A month ago, eleven Republican members of the Oregon State Senate walked out of the State Capitol, denying the chamber a quorum and bringing all legislative business to a halt. At issue was a controversial cap-and-trade bill, which was eventually pulled for insufficient Democratic support. Now, one of the Oregon 11 is suing the Democratic leadership and legislative officials. Sen. Brian Boquist (R-Dallas) is challenging a $500-a-day fine imposed by the rump senate, and the requirement he provide at least 12 hours notice for showing up to work.
In a speech on the Senate floor June 19, Boquist, a former lieutenant colonel in the U.S. Army and director of an ammunition company, told Senate President Peter Courtney (D-Salem), “if you send the state police to get me, hell is coming to visit you personally.” He later advised the state police to “send bachelors and come heavily armed. I’m not going to be a political prisoner in the state of Oregon. It’s just that simple.” In a letter to The Oregonian, Boquist elaborated, “I have been in political coup attempts. I have been held hostage overseas. I have been jailed politically overseas.”
On July 8, a bipartisan, four-member committee unanimously held that Boquist must give at least 12 hours notice, in writing, before visiting the Capitol. The state senator has been deemed a threat to public safety for his remarks, and extra state troopers are required to protect employees and the public from Boquist. Further, he must not retaliate against anyone who reports concerns about their safety. Boquist is suing in the U.S. District Court in Portland that his First, Fifth, and Fourteenth Amendment rights— to free speech, freedom of assembly, and due process— were violated by the decision.
In addition, Boquist is also challenging the $500-a-day fine imposed by Senate Democrats for his and his colleagues’ walkout. He is, apparently, the first and only member of the Oregon 11 to do so, and Boquist has already paid the $3,500 sum. However, the validity of a fine levied by a legislative chamber lacking a quorum to do business might itself be on shaky legal ground. In addition, the protection from prosecution for remarks uttered on the floor of a debating chamber is a privilege extended to lawmakers throughout the free world.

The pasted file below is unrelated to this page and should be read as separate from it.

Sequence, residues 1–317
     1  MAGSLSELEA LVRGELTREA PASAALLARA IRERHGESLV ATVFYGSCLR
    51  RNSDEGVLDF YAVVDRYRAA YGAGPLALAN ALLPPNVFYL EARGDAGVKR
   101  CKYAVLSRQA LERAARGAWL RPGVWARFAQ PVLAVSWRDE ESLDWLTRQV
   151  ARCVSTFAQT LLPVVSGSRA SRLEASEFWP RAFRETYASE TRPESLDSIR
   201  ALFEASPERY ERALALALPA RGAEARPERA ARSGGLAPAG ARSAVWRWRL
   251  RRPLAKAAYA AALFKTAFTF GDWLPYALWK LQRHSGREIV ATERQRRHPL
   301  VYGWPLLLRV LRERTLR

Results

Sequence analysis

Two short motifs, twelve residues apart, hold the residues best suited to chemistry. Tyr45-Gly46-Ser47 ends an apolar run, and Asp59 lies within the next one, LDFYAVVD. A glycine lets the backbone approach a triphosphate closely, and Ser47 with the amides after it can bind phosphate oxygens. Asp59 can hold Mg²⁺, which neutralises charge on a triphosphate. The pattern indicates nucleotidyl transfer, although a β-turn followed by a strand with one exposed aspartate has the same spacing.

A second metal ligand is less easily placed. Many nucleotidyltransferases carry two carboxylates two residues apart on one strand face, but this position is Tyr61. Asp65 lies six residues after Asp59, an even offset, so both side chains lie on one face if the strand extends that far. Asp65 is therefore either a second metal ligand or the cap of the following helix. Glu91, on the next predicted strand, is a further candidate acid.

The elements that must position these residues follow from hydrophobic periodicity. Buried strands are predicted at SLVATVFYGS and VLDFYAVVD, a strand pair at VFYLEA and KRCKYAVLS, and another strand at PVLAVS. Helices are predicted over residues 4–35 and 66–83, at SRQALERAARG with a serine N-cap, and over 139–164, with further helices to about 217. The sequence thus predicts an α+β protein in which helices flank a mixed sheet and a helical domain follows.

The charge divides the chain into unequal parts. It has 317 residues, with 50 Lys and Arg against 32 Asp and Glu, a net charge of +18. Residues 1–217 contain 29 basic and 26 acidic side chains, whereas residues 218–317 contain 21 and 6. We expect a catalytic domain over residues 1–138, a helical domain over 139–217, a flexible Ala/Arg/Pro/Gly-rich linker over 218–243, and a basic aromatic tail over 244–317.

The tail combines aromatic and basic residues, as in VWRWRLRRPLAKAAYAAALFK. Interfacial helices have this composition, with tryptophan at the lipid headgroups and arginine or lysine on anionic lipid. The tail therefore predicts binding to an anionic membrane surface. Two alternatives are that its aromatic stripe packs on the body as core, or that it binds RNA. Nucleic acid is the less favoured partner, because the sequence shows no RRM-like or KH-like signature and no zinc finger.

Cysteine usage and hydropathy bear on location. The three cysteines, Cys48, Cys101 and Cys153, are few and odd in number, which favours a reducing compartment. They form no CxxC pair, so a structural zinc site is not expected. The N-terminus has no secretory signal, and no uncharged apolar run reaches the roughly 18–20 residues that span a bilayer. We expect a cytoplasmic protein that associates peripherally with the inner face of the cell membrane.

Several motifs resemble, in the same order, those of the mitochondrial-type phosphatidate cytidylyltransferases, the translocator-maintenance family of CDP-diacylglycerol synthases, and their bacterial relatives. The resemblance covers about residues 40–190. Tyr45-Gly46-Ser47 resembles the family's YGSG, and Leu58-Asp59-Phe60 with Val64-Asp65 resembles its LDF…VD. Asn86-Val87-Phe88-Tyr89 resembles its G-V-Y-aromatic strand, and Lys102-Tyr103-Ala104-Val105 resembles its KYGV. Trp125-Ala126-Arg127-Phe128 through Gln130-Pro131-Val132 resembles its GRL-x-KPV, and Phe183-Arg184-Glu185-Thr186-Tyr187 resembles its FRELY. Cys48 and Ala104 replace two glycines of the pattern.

If there’s one thing all legislators seem to be able to agree on— those who walked out and those who sent armed state troopers to retrieve them— the 80th Oregon Legislative Assembly was one of the ugliest in recent memory. It almost got uglier, as Governor Kate Brown threatened to call a special session for July, to “reconsider” all the legislation the super-minority successfully killed. While an extreme example, the Oregon experience reflects the political realities of the 35 other one-party states (13 Democratic, plus Oregon, 22 Republican) in place. Comparisons were not lost on the left, to when Wisconsin Republicans sent the cops after fleeing Democrats, trying to stop Governor Scott Walker’s controversial Act 10 either. Across the country, it is incumbent on the (often super-)majority to talk the political system off the ledge. The alternative only invites further escalation.